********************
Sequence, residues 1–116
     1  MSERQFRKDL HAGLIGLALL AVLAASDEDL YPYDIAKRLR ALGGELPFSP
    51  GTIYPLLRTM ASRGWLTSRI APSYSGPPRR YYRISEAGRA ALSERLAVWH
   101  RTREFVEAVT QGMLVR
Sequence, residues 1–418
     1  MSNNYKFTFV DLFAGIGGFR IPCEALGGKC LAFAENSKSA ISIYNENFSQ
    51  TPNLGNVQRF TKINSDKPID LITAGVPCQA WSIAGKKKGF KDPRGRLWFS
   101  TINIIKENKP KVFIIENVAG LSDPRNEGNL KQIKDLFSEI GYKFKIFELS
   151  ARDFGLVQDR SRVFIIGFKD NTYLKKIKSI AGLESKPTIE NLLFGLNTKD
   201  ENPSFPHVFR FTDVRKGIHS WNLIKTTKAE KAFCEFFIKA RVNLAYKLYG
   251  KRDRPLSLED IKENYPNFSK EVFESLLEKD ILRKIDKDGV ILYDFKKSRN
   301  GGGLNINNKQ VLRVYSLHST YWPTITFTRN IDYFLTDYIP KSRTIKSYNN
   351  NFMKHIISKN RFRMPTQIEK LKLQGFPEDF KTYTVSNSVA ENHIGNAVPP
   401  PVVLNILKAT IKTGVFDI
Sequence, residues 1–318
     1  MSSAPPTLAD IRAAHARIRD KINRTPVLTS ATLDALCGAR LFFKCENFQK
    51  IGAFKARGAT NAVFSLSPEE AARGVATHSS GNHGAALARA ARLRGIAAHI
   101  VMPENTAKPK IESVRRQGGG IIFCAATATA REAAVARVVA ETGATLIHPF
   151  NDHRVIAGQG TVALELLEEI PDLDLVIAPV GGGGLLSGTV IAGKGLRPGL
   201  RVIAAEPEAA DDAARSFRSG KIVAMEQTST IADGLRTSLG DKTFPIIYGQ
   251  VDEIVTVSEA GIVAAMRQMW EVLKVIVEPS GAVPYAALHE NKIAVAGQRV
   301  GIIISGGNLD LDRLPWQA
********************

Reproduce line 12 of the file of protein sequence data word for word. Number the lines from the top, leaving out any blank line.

   301  GGGLNINNKQ VLRVYSLHST YWPTITFTRN IDYFLTDYIP KSRTIKSYNN